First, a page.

5 reasons to publish your chemistry data – and how

New journal is dedicated to publishing data in chemistry, with free data-sharing options

When researchers make plans for new experiments, this is the beginning of a whole cycle of work, including experimental designs, tweaking of existing methods, developing protocols, writing code, collecting and processing  experimental data. This process results in very useful information that rarely gets published, making experiments difficult to reproduce. The same holds for experimental data, which is not always provided in a reusable format and lacks descriptive information. To address this concern, Elsevier launched a series of journal titles under the umbrella of <a target="_blank" href="https://www.elsevier.com/books-and-journals/research-elements">Research Elements</a>  that allow researchers to publish their data, software, materials and methods and other elements of the research cycle that can't be published as traditional research papers in a brief article format and get credit for their work.Researchers can spend months in the lab before they have sufficient results to publish an article, often in the form of a full-length research paper or, if the results are urgent, a short communication. But these article types are based on successful and completed research. How can researchers share inconclusive or negative results? After all, other scientists may benefit tremendously from this information.

In scientific publishing, concerns about the reproducibility of science and scientific fraud are increasing and sharing data will help to prevent these problems. Also, funding agencies are introducing more data-sharing mandates and require scientists to publish data open access.

As one of our chemistry authors explained on a questionnaire:

There is a lot of data that is generated that does not end up in publication, such as dead-ends in synthetic routes. The data is useful, and it would be great if others could access it.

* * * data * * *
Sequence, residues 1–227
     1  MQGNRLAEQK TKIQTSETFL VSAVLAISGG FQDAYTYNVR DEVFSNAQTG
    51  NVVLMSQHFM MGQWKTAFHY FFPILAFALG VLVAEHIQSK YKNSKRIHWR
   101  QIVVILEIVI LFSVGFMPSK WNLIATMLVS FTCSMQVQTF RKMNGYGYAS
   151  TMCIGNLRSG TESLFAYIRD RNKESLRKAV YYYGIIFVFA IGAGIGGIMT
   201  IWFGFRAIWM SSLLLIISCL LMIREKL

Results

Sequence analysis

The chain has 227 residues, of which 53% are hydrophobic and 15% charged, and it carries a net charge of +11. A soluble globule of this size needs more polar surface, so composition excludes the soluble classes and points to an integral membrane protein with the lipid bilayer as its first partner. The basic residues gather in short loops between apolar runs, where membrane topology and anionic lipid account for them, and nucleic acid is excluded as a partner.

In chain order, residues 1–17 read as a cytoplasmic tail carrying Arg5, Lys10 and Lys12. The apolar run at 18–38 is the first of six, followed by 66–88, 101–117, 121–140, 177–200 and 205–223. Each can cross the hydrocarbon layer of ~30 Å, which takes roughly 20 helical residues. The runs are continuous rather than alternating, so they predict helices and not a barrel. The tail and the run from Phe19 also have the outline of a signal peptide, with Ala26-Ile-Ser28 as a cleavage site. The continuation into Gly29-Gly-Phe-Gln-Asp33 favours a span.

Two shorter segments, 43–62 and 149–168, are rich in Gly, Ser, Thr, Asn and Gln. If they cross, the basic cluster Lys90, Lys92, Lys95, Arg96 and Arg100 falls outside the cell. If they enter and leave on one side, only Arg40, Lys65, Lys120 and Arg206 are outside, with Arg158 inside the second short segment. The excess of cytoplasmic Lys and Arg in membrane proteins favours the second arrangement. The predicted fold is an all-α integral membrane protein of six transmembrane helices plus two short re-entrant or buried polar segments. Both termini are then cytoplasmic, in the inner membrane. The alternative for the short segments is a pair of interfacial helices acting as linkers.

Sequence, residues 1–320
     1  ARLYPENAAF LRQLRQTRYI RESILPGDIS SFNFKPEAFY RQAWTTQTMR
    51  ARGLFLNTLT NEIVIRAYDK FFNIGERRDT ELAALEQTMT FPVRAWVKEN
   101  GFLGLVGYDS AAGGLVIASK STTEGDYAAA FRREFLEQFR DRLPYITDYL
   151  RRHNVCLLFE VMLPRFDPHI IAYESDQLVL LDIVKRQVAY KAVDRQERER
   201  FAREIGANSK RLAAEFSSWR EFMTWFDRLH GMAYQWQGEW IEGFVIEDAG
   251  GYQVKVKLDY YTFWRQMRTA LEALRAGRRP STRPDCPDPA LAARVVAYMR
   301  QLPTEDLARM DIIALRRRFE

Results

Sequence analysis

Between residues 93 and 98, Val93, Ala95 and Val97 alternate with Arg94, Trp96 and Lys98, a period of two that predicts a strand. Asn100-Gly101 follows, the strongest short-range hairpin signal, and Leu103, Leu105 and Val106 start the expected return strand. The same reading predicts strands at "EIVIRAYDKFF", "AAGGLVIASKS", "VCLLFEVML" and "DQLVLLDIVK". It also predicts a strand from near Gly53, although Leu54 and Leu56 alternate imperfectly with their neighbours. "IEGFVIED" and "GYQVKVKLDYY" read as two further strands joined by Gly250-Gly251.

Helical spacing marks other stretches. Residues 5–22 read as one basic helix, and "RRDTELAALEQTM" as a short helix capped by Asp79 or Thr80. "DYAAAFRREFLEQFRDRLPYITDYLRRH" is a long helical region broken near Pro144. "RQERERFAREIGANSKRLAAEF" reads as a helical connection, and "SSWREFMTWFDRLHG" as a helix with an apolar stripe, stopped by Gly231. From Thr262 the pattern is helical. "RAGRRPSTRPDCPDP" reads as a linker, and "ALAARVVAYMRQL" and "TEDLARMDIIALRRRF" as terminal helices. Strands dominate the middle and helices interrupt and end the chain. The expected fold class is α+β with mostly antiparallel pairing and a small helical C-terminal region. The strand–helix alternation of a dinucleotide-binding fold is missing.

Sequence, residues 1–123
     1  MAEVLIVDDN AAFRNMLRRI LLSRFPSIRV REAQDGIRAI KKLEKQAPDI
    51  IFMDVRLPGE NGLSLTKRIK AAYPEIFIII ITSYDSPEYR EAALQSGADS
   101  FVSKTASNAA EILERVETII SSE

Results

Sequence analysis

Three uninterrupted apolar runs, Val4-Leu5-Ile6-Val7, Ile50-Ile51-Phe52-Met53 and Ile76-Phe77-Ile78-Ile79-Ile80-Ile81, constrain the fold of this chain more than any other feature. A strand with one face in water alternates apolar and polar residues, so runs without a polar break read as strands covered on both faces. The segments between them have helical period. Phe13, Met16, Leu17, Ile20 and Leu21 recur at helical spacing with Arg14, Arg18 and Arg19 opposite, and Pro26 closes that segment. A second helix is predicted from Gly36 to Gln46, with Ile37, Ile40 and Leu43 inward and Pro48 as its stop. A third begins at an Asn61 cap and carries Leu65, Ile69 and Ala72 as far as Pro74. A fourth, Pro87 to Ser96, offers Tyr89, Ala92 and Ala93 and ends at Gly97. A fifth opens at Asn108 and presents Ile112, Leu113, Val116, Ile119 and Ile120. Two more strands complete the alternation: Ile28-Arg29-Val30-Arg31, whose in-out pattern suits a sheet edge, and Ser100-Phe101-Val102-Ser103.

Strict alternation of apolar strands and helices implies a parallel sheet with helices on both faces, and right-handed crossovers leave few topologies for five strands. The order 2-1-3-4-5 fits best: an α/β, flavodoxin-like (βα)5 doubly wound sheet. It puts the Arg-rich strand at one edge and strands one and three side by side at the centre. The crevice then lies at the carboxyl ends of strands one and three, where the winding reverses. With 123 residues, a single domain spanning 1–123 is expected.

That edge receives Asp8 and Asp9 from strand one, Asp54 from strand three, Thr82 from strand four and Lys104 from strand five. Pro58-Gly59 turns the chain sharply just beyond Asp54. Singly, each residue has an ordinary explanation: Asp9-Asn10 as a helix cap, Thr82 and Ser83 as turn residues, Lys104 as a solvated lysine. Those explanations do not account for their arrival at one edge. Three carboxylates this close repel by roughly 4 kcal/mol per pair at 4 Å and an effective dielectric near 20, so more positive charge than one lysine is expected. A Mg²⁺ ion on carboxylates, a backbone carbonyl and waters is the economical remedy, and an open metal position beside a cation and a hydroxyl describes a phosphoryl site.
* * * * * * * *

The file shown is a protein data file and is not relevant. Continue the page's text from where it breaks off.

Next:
And in the words of another:

I can imagine that there may exist extensive sets of data collected in course of long and mundane procedures carried out, e.g., on the margin of truly creative research (experimental or computational), and that they might turn out to be useful for other researchers.

Chemical Data CollectionsThe need to make data easy to share and reuse inspired us to create Chemical Data Collections. This new journal provides a publication outlet for data articles, brief publications that ensure that data is reviewed, formatted and accessible.

We often heard from researchers that extensive data sets, which take a lot of time and effort to collect, are simply not shared. Especially when collected through novel research methods, they could be very useful to other researchers and vital to advance chemical research. This includes research output such as spectral data, syntheses, crystallographic data and computational simulations.

Currently most chemistry journals do not give authors the space to thoroughly describe their datasets or the methods used to generate them. Many types of data, such as unprocessed raw data, replication data, negative datasets or data from intermediate studies, often don’t get published.